Once inside we divested of our multiple layers of clothing until we looked less like trolls and more like the Viking warriors we hoped to be: ready to battle and prove our martial prowess in the art of escaping! The game master recommended we play Mafia (less Viking themed than we had hoped) but he promised us it was their most challenging game. Once inside the room, we found the puzzles logically laid out in both multi-linear and linear fashion. Being no strangers to cracking the inner workings of organized crime networks, we set to work to bust the case. We proceeded through the puzzles quickly with only one small hint to help us through. The game flow was seamless and the puzzles logical: exactly the way we like our games to be! We successfully escaped with plenty of time to nom on some Skyr before succumbing to the full force of our jet lag.
After a few days of exploring the waterfalls, lava fields, and glaciers in search of Gryla and the Yule Lads, we returned once again to the city and to Reykjavik Escape. This time we decided to try to fly the coop in Prison Break. This game ran as smoothly as glacier water. We moved quickly through the puzzles, slowed only by our failure to understand the workings of a European style computer keyboard. Without so much as a single hint, we made our escape out of prison and into the dark Icelandic night in search of one last glimpse of the Northern Lights.
Upon our departure we asked for recommendations on other escape room establishments to play while in Iceland. The game master informed us that Reykjavik Escape is the only game in town and in fact in all of Iceland. “It’s a small country.” Holy puffin! That’s awesome! Our work here is done! Time to head back to the land of sunshine. We love you Iceland but you can keep your wind, sleet and snow. Turns out we weren’t made for that weather.
Below Ground: A criminal organization is plotting to blow up a mine to cover up a heist. We had to sneak in and find a way to stop them.
Valley of the Kings: Buried deep in an ancient Egyptian tomb, a secret artifact and an ancient curse awaited our discovery.
Pros: The doors to the rooms were the BEST we have ever seen. Seriously super cool. We loved them. Kudos to the designer. The storylines were creative and the set designs clearly aligned with the theme. We especially liked the set in Valley of the Kings. We found ourselves stuck in the first room for a long time due to our lack of perception. In due time, we put two and two together to solve the first major puzzle. We quickly worked our way through the proceeding rooms and eventually solved the final mystery. The puzzles flowed smoothly and we succeeded with no hints. We were less skilled in our gameplay in Below Ground, however. See comments below.
Cons: A few glitches with the tech in both games slowed us down a bit, but we recovered quickly thanks to the attentiveness of our gamemaster. We struggled quite a bit in Below Ground mostly as a result of number overload. Most of the puzzles involved numbers and we had trouble identifying puzzles with associated locks. We needed more hints than usual as a result. Thank you to our gamemaster for keeping us on track.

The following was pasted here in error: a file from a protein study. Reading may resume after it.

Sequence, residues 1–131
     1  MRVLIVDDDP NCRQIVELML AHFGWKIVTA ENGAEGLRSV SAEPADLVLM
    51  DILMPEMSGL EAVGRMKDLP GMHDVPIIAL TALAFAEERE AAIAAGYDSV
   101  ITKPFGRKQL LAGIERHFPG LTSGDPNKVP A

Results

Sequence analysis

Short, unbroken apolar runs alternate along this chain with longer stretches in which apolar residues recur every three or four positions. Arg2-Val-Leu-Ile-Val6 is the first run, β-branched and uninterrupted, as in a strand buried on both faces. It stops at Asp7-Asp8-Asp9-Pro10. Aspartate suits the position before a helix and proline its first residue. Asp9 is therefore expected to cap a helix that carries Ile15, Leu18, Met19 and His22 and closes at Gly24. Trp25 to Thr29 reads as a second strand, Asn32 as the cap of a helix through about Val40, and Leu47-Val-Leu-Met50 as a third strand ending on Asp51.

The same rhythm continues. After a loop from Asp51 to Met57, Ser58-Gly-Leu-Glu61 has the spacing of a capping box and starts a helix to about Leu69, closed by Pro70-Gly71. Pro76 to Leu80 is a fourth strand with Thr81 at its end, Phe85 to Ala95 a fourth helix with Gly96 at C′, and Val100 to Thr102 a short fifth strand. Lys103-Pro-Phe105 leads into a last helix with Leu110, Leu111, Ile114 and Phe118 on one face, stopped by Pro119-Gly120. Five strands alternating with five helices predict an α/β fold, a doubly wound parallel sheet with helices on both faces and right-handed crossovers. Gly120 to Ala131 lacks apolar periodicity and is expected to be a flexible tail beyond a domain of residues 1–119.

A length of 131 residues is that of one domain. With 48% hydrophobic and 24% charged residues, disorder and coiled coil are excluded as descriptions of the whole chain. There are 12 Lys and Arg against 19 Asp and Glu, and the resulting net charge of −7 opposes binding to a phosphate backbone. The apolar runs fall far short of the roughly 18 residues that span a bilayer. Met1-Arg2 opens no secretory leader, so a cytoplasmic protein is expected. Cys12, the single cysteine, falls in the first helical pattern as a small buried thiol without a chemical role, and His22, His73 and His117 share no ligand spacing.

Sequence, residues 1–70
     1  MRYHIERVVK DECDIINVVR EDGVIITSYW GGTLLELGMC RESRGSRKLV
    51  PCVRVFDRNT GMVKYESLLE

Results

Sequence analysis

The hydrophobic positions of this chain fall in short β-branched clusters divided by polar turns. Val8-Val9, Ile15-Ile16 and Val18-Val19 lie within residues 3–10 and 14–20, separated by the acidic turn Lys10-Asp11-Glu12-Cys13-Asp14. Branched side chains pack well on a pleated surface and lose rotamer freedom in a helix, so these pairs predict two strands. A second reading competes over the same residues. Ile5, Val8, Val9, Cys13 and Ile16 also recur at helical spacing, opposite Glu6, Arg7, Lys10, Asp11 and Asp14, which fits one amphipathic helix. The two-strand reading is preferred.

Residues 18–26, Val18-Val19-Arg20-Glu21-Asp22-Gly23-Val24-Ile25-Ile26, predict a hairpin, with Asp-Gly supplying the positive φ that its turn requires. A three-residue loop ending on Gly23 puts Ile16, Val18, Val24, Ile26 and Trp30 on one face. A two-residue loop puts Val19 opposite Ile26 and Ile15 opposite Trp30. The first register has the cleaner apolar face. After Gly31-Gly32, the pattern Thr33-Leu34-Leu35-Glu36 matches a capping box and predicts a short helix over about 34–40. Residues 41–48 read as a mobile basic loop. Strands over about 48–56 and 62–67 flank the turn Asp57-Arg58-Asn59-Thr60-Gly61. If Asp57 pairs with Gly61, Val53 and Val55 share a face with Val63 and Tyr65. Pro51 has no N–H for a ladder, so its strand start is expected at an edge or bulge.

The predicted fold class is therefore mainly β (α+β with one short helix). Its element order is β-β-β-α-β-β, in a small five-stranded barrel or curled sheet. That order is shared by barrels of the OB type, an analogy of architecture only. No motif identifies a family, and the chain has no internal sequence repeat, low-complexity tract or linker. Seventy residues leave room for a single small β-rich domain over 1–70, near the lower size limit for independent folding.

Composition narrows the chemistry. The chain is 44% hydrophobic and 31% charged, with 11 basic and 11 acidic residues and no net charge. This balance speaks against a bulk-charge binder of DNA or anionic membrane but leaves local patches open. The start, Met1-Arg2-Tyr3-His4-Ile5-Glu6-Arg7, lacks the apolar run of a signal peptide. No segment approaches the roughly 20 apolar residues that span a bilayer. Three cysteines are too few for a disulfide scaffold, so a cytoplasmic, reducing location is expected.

We loved playing at Puzzle Room Reno and look forward to playing the rest of their games in the future!
Apartment 13: Our little brother had mysteriously disappeared and a lot of weird things are happening at an apartment complex where he was last seen. We went into Apartment 13 in an attempt to find him and solve the mystery.
Curse of Anubis: Get ready to set off on a quest to locate a missing archaeologist deep inside an ancient tomb.
Pros: The gamemaster was absolutely delightful. She greeted us and encouraged us all to get to know each other before the game. After we reviewed the rules and the storyline we embarked on our archaeological adventure. The set design was as good as it gets. We truly appreciated the craftsmanship and thought that went into the props and set design. The puzzles seemed very logical and the game flow worked exceptionally well in part because of the linear puzzle design. We failed to escape, but truly appreciated the game design.
Cons: Our experience at Escape on 13th was unfortunately severely dampened by the fact that the owner has chosen to 1) group strangers together and 2) group way too many strangers together. This room comfortably fits four people. The small size of the room makes it very difficult to move around and solve puzzles. We were grouped with a number of strangers to create a total group size of eight. The crowding and confinement prevented our ability to quickly locate hidden items. In the second room, the low lights (even with the noisy generator) made it impossible to read the written hints. We crowded back into the previous room to read the material and solve the puzzles. The lack of experience and clue-hoarding of our new friends combined with the linear nature of the puzzles and confined space led to our failure to get anywhere close to completing the game. We had an additional game scheduled but when we discovered we would be playing in a similarly confined space with a larger group size, we decided to take a hard pass. Better luck next time.
You definitely shouldn't miss the opportunity to play here. The set design makes it all worthwhile. But be forewarned. Bring as many of your own friends as you can and fingers crossed you don't get grouped with strangers.
20,000 Leagues Under the Sea: Seeking the location of Captain Nemo's secret base, we had to sneak onboard before the Captain and his crew returned.
Sherlock Holmes: We had to help Sherlock Holmes solve the still unsolved mystery of the Hound of the Baskervilles.